Oscar Actors: Keitel, Harvey–Background, Career, Awards

Updated July 1, 2020
Career Summary:

Occupational Inheritance: NA

Social Class: middle

Race/Ethnicity: Polish Jews

Family: Polish Jews

Education: Abraham Lincoln High School; age 16

Training: Actors Studio (Lee Strasberg); HB

Teacher/Inspirational Figure:

Radio Debut:

TV Debut:

Stage Debut:

Broadway Debut:

Film Debut: Who’s That Knocking at My Door, 1967; age 28

Breakthrough Role: “Mean Streets,” 1973; age 34

Oscar Role: Bugsy, 1991; age 52

Other Noms: No

Other Awards: Aussie Awards, The Piano, 1993

Frequent Collaborator: Scorsese; De Niro (early on)

Screen Image: character actor

Last Film: NA

Career Output:

Film Career Span: 1967-

Marriage: 1 actress

Politics:

Death: NA

Harvey Keitel has starred in films such as Mean Streets (1973), The Last Temptation of Christ (1988), Thelma & Louise (1991), Reservoir Dogs (1992), Pulp Fiction (1994), The Grand Budapest Hotel (2014), and The Irishman (2019).

Keitel has been nominated for a number of accolades in his career, including Academy and Golden Globe awards for his work in Bugsy (1991), and won an Australian Academy of Cinema and Television Arts Award for Best Actor in a Leading Role for his role in The Piano (1993).

From 1995 to 2017, he was a co-president of the Actors Studio, along with actors Al Pacino and Ellen Burstyn.

Keitel was born in Brooklyn, New York, on May 13, 1939, the son of Ashkenazi Jewish immigrants; his mother, Miriam (née Klein), was from Romania, and his father, Harry Keitel, was from Poland. His parents owned and ran a luncheonette, while his father worked as a hat maker.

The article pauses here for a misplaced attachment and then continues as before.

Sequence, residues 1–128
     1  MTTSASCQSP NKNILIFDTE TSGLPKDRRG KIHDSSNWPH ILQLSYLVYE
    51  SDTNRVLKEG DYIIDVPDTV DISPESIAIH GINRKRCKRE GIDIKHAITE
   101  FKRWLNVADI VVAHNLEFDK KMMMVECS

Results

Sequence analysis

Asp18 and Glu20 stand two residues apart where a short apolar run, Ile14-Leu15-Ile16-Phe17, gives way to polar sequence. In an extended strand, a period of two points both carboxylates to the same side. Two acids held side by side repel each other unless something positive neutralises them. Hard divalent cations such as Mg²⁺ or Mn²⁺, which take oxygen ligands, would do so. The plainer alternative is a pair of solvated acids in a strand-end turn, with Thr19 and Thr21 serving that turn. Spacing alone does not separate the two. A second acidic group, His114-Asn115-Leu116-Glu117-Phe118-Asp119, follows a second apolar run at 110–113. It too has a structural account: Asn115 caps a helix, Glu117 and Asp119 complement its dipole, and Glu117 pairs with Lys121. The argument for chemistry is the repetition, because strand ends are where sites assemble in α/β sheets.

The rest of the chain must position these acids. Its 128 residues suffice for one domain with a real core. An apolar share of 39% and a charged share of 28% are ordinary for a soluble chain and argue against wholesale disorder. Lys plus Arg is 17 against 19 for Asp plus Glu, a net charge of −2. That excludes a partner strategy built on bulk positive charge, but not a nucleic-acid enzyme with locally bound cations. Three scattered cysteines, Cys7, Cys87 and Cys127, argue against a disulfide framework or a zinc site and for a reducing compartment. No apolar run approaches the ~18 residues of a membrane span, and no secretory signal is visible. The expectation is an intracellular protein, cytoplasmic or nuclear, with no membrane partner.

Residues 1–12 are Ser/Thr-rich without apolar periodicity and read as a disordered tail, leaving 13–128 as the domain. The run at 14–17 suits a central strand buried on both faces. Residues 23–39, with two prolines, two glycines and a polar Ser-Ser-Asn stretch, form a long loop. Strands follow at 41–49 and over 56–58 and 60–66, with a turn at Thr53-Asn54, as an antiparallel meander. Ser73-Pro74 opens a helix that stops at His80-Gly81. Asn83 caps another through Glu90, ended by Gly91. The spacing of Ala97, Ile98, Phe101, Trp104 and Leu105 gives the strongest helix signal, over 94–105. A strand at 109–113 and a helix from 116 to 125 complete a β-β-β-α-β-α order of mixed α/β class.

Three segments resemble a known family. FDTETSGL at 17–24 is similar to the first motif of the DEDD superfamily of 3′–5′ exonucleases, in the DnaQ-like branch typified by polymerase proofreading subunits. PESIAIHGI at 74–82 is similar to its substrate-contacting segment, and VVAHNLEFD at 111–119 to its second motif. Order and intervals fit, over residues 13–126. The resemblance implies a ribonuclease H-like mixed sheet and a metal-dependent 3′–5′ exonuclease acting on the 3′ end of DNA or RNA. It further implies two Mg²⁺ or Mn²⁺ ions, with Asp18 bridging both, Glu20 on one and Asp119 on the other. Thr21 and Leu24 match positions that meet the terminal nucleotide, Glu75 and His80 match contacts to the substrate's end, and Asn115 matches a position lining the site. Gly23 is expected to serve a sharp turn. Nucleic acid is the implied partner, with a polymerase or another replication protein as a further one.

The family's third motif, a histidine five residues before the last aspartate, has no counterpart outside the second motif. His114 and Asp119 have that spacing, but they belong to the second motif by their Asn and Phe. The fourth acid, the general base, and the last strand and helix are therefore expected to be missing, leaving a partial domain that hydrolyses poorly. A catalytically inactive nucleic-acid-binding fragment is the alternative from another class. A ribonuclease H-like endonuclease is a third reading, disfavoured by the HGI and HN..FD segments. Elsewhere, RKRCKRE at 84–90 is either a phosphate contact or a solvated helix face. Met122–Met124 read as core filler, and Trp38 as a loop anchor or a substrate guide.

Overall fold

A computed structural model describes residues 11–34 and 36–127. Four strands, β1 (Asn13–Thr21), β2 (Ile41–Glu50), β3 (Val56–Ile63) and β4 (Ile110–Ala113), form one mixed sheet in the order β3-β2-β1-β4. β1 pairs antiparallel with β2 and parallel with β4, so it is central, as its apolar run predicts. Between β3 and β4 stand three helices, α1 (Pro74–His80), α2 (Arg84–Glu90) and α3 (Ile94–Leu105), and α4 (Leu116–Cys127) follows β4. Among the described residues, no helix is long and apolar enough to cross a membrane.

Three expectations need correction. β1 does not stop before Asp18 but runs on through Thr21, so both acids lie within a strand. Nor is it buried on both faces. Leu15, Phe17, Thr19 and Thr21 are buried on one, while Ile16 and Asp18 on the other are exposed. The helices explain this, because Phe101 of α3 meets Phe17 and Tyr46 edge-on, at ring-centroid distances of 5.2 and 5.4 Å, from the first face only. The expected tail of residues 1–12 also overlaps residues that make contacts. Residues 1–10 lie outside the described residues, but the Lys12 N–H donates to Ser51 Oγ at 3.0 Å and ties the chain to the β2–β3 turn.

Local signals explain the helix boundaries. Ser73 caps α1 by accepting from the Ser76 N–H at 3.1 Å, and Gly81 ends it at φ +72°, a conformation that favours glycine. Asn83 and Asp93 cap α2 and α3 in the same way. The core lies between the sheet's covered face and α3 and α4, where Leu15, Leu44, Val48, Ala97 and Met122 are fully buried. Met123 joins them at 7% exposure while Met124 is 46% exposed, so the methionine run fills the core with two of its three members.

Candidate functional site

He grew up in the Brighton Beach neighborhood of Brooklyn, with his sister, Renee, and brother, Jerry. He attended Abraham Lincoln High School. He enlisted in the Marines at the age of 16, a decision that took him to Lebanon during Operation Blue Bat. After his return, he worked as a court reporter for several years before beginning his acting career.

Keitel studied under both Stella Adler and Lee Strasberg and at the HB Studio, eventually landing roles in some Off-Broadway productions. During this time, Keitel auditioned for filmmaker Martin Scorsese and gained a starring role as “J.R.”, in Scorsese’s first feature film, Who’s That Knocking at My Door (1967).

Since then, Scorsese and Keitel have worked together on several projects.[7] Keitel had the starring role in Scorsese’s Mean Streets, which also proved to be Robert De Niro’s breakthrough film. Keitel re-teamed with Scorsese for Alice Doesn’t Live Here Anymore (1974), in which he had a villainous supporting role, and appeared with Robert De Niro again in Scorsese’s Taxi Driver (1976), playing the role of Jodie Foster’s character’s pimp.

In 1977 and 1978, Keitel starred in the directorial debuts of Paul Schrader (Blue Collar, co-starring Richard Pryor and Yaphet Kotto), Ridley Scott (The Duellists, co-starring Keith Carradine), and James Toback (Fingers, in which Keitel played a street hood with aspirations of being a pianist – a role Toback wrote for Robert De Niro to play).

Cast as Captain Willard in Francis Ford Coppola’s Apocalypse Now (1979), Keitel was involved with the first week of principal photography in the Philippines. Coppola was not happy with Keitel’s take on Willard, stating that the actor “found it difficult to play him as a passive onlooker”.[9] After viewing the first week’s footage, Coppola replaced Keitel with a casting session favorite, Martin Sheen.

Keitel drifted into obscurity through most of the 1980s. He continued to do work on both stage and screen, but usually in the stereotypical role of thug. Keitel played a corrupt police officer in the 1983 thriller Copkiller (co-starring musician John Lydon), before taking a supporting role in the romantic drama Falling in Love (1984), starring Robert De Niro and Meryl Streep.